It is hard to say which asset class will be the main benefactor of this capital exodus. However, due to China’s strict capital controls and authoritarian measures, it makes a lot of sense for crypto assets, especially those boasting strong privacy and fungibility to attract much of this capital. I would expect Chinese investors and citizens to migrate towards crypto monetary assets such as Bitcoin, Bitcoin Cash, Litecoin and Monero more than platform protocols like Ethereum and EOS with assets like Monero and Zcash outperforming due to their enhanced privacy.
At the same time, one cannot discount cultural and linguistic biases. It is reasonable to expect Chinese nationals to be attracted to those crypto assets that are more Asian and Sino-centric with powerful brand recognition.
The global and decentralized nature of most crypto assets makes them an attractive escape route for otherwise censored capital since they offer a route out of China with far less friction. At the same time, the near-instant and completely portable properties make them highly attractive. Indeed the same cannot be said for precious metals which can be easily confiscated and are hard to export.
Since my previous update, we have seen significant gains for Bitcoin, with the asset sitting at $8,020 as of today. As you will recall I pointed out that Bitcoin had to break through a wall of resistance at $6,000-6,700. To my surprise, BTC broke through this wall at blistering speed with minimal pullback and consolidation on the way. Frankly, this has made me suspicious about the health of this move and I would like to see a deeper pullback before we test the next levels of resistance.
You can see in the chart below where Bitcoin is likely to find support at.
The first major support area is the $6,000-6,700 region already discussed. If however, Bitcoin was to break below this, I would expect it to bounce at either the 0.618 Fibonacci level around $5,150 or the 0.786 level at $4,250. I suspect that over the next two weeks we will likely see a retest of one of these lower areas. Following this consolidation, we can think about the next upside targets. Personally, there are 4 main areas of resistance that will serve as my targets for the next leg. These are at $9,000, $9,850, $11,700 and $12,800 as is indicated below.
Aside from Bitcoin, I think we will actually see significantly more volatility and potentially a lot more upside movement in both the medium and small-cap altcoins.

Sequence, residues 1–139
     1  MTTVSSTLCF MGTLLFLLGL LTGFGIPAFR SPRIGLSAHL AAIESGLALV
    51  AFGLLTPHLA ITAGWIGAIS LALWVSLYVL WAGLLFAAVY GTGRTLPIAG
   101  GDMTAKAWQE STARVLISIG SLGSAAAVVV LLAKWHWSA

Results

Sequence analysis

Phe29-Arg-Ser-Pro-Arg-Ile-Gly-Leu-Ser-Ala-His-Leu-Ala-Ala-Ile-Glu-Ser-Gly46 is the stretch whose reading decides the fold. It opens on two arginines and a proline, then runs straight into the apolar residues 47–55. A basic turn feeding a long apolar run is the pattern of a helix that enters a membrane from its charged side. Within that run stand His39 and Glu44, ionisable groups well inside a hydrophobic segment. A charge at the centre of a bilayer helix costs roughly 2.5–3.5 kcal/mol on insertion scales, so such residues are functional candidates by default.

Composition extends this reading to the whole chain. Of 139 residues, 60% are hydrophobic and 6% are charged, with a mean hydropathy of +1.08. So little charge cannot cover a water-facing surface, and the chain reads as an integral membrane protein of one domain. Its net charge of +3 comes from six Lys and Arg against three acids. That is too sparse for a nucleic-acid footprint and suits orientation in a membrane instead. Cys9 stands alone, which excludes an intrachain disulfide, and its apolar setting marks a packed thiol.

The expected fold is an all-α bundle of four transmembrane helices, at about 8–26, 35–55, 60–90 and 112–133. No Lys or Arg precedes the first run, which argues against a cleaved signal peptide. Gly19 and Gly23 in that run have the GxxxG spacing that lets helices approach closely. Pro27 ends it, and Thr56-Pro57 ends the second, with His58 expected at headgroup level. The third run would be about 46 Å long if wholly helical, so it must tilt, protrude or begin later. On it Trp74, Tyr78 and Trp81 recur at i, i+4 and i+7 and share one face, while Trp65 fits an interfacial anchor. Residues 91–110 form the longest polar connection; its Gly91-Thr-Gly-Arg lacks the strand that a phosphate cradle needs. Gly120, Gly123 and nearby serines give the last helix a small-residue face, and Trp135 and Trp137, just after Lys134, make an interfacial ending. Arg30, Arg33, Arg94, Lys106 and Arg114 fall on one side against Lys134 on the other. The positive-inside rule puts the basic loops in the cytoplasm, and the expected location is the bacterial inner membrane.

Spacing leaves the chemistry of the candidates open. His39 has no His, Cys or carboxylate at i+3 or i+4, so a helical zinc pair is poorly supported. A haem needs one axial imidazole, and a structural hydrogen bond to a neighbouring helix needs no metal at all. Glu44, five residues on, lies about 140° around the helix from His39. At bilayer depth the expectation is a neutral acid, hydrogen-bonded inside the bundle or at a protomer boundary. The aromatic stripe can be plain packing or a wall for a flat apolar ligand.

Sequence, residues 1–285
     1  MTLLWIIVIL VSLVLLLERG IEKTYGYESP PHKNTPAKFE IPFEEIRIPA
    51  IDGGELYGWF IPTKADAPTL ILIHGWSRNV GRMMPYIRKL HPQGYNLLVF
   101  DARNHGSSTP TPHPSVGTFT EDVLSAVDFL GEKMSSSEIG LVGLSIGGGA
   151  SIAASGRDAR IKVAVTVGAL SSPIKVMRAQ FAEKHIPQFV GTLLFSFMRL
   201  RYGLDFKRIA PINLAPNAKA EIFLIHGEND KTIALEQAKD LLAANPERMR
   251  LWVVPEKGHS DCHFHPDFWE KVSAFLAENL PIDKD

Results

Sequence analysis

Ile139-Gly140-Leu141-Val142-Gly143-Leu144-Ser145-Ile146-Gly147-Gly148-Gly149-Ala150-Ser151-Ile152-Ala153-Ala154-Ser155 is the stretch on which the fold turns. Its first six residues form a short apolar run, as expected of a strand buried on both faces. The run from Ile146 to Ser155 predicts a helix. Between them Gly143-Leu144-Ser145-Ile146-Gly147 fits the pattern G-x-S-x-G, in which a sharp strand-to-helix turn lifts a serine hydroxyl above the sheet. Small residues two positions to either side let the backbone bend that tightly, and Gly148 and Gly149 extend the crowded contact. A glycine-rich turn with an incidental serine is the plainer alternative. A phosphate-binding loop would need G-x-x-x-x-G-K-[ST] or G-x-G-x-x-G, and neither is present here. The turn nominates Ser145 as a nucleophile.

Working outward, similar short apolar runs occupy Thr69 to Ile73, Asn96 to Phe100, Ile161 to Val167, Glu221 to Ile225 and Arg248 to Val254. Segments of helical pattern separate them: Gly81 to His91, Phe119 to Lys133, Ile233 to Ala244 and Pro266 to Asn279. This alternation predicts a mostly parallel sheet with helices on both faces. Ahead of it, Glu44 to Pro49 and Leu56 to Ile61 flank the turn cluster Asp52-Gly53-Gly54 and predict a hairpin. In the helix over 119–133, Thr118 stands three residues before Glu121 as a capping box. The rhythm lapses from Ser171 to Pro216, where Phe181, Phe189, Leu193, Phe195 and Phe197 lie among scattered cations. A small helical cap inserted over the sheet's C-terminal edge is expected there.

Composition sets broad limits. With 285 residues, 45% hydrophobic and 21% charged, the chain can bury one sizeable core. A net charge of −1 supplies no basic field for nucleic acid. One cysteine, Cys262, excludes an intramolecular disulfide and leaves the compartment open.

Since the start of May, Bitcoin has actually significantly diverged from the rest of the market, increasing its market dominance and exhibiting the most strength as you can see in this chart.
This trend is actually typical in the crypto markets, and there is often a multi-week lag between Bitcoin and the rest of the market. Indeed over the next two weeks at least, I suspect that the rest of the market will outperform Bitcoin.
The Impact of Halvings
You may have noticed that out of all the altcoins, Litecoin has been performing particularly well. In fact from its lows in December, it is up an impressive 350%, compared to just 143% in the rest of the altcoin market.
The main reason for this aside from continued technical progress and merchant adoption is the upcoming halving event in August. A halving occurs when the block reward that miners receive gets cut in half. So in this case, Litecoin miners will receive 12.5 Litecoin for every block they successfully mine compared to 25 Litecoin. Essentially this means that the inflation rate is cut by 50% and therefore there is far less selling pressure on the market, which leads to significantly higher prices.
This event is not exclusive to Litecoin and happens with many crypto monetary assets, including Bitcoin and Bitcoin Cash.
The point here is that we can use halvings to time the market better and pivot in and out of positions based on this metric. Indeed, it is one of the most important fundamental analysis indicators that we have available and one I am always considering.
Studying and timing halvings is one of the most important things to do in this market.
I hope that you found this edition useful and informative. As ever, none of this is investment advice, please do your own research!
I would love to hear your feedback on these newsletters. If there is a particular topic or angle that you would like me to discuss, then do please let me know and I will be sure to tackle it in future editions.
If you know someone who could benefit from this information now or in the future, do please share it with them.